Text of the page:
For more than a decade, Washington higher education institutions, especially the community and technical colleges, have been focused on clearly defining and working to address the systemic challenges related to student math achievement and success. At its most basic level, the problem can be characterized as having two key components: **not enough math** and **not the “right” math**.

**Not enough math**

Too few students are completing the college-level math coursework required for their degree, and there is a persistent achievement gap for students of color. A growing body of evidence nationally shows that not enough students are completing college with a degree or credential and points to math completion as a central issue. The length and nature of many developmental (aka “remedial”) math sequences in college is one element of the problem, with a “one size fits all” approach that doesn’t serve students who come with a wide diversity of preparation, skill levels, and goals. It is also not uncommon for students to delay enrolling in math when they arrive at college; then if they don’t persist in college, they may not take math at all, making the “remediation” challenge worse if they ever do return.

**Not the “right” math**

The default option for all students—in high school, developmental math sequences, and the traditional college entry-level math course—has been an algebra-intensive sequence leading toward calculus, despite clear evidence that few students will ever take or need calculus for their academic programs. The lack of alignment across educational sectors (K-12, community and technical colleges, baccalaureate institutions) makes transfer issues critical and underscores the need to design math pathways around what students will need moving forward in their programs and careers rather than by looking backward to replicate high school preparation.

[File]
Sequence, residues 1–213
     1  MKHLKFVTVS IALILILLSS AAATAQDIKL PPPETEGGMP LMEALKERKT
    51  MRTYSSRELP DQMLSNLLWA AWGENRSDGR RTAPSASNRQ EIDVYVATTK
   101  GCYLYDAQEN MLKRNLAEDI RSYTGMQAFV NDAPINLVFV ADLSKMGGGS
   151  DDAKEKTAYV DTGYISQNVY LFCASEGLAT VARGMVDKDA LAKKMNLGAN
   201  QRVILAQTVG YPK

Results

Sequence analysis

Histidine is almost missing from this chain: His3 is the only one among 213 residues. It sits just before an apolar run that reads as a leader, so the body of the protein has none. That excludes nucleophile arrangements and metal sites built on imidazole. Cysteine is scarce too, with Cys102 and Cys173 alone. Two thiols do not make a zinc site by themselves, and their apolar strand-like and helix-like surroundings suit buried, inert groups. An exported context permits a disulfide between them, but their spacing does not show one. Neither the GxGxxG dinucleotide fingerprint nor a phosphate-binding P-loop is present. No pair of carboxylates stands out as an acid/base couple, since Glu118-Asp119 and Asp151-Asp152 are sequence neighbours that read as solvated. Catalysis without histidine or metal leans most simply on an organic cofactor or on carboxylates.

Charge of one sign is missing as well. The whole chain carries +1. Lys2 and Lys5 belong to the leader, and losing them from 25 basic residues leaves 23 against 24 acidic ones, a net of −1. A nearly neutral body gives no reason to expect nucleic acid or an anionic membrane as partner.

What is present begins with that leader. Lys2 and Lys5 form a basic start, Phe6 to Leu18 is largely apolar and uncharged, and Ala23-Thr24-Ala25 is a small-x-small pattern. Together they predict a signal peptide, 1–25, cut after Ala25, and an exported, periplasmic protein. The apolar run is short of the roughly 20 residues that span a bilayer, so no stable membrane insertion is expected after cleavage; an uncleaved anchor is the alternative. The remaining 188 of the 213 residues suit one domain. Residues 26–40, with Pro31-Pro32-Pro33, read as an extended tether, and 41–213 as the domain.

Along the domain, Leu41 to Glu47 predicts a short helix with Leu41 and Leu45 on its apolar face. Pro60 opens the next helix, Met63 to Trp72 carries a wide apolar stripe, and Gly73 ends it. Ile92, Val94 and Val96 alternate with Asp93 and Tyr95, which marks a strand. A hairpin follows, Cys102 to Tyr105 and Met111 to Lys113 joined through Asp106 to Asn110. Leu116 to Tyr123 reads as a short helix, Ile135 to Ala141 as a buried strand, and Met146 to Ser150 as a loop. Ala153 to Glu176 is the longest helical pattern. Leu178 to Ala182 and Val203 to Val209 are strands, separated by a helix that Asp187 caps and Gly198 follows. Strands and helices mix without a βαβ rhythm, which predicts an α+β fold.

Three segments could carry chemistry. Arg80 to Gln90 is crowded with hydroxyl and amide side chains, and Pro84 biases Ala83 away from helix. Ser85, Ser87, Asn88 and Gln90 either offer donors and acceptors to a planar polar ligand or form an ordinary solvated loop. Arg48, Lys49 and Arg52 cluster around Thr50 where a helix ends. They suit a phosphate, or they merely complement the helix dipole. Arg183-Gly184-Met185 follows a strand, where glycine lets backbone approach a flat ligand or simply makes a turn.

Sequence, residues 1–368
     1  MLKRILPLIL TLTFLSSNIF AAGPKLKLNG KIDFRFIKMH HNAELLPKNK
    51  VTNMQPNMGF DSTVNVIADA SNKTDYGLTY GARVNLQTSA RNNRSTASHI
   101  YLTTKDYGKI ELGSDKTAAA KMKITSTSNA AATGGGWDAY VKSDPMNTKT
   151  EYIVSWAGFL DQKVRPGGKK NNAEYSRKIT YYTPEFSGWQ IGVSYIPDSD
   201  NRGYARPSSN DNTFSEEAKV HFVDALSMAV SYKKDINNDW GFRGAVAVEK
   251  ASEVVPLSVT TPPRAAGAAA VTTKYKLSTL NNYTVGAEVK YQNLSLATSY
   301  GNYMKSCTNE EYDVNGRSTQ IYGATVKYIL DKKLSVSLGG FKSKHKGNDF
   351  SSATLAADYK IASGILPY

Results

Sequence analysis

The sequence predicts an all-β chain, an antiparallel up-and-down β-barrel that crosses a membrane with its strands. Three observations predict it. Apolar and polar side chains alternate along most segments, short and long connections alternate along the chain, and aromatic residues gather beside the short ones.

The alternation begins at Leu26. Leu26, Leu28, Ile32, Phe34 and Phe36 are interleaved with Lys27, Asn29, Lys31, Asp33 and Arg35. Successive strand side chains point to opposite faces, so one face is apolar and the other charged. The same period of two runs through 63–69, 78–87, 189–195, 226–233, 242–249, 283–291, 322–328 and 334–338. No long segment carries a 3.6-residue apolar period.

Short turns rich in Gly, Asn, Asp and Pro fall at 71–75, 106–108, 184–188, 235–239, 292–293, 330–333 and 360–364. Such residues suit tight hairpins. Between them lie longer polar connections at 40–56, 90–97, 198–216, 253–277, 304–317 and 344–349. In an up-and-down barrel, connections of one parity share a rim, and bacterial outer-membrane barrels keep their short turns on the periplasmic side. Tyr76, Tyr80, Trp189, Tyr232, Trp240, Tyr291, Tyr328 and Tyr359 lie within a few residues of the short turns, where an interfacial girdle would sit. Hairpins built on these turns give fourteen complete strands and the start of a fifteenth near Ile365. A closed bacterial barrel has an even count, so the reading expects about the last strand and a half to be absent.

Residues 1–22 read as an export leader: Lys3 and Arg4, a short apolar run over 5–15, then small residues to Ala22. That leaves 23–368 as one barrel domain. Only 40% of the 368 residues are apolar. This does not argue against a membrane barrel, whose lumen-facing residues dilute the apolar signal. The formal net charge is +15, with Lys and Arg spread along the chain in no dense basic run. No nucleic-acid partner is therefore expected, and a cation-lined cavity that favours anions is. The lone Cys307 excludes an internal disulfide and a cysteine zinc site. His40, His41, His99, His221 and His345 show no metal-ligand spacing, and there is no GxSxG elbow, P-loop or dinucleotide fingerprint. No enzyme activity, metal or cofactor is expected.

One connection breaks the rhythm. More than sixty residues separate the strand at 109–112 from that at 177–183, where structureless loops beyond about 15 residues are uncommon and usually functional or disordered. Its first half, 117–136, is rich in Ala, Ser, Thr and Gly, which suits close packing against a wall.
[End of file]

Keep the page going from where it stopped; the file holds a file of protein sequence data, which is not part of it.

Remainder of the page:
Colleges in Washington continue to address these problems by designing and clarifying “math pathways” available to students that are most relevant to their programs of study and future goals, improving placement and advising, and offering the support students need to both make informed choices and to be successful as they move into college and through relevant gateway math courses to complete meaningful degrees or credentials.

This website provides a forum and space to describe the wide range of innovative work underway in Washington higher education to improve student math success. Much of the ground level work was supported and enhanced through the *Math Pathways to Completion (MPC)* project which began in 2016. While the project officially ended in 2018, the innovation continues, and the goal for this site is to continue to be a place for sharing information and ideas about this important work.